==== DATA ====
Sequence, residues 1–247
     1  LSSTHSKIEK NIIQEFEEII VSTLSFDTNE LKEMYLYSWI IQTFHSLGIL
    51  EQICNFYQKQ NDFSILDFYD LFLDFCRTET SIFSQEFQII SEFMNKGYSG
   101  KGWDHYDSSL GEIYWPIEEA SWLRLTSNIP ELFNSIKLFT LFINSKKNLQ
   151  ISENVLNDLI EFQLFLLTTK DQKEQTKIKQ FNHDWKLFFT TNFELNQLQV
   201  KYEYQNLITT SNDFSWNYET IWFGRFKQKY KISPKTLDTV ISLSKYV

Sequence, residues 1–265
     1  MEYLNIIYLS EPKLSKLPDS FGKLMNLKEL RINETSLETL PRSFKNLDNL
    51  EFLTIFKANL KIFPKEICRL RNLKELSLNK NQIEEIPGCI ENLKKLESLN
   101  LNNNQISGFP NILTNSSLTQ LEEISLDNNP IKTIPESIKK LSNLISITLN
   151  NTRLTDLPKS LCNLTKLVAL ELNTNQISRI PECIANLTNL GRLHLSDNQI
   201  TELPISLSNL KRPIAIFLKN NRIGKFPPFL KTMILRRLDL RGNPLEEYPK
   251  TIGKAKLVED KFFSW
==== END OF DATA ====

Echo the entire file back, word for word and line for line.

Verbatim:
Sequence, residues 1–247
     1  LSSTHSKIEK NIIQEFEEII VSTLSFDTNE LKEMYLYSWI IQTFHSLGIL
    51  EQICNFYQKQ NDFSILDFYD LFLDFCRTET SIFSQEFQII SEFMNKGYSG
   101  KGWDHYDSSL GEIYWPIEEA SWLRLTSNIP ELFNSIKLFT LFINSKKNLQ
   151  ISENVLNDLI EFQLFLLTTK DQKEQTKIKQ FNHDWKLFFT TNFELNQLQV
   201  KYEYQNLITT SNDFSWNYET IWFGRFKQKY KISPKTLDTV ISLSKYV

Sequence, residues 1–265
     1  MEYLNIIYLS EPKLSKLPDS FGKLMNLKEL RINETSLETL PRSFKNLDNL
    51  EFLTIFKANL KIFPKEICRL RNLKELSLNK NQIEEIPGCI ENLKKLESLN
   101  LNNNQISGFP NILTNSSLTQ LEEISLDNNP IKTIPESIKK LSNLISITLN
   151  NTRLTDLPKS LCNLTKLVAL ELNTNQISRI PECIANLTNL GRLHLSDNQI
   201  TELPISLSNL KRPIAIFLKN NRIGKFPPFL KTMILRRLDL RGNPLEEYPK
   251  TIGKAKLVED KFFSW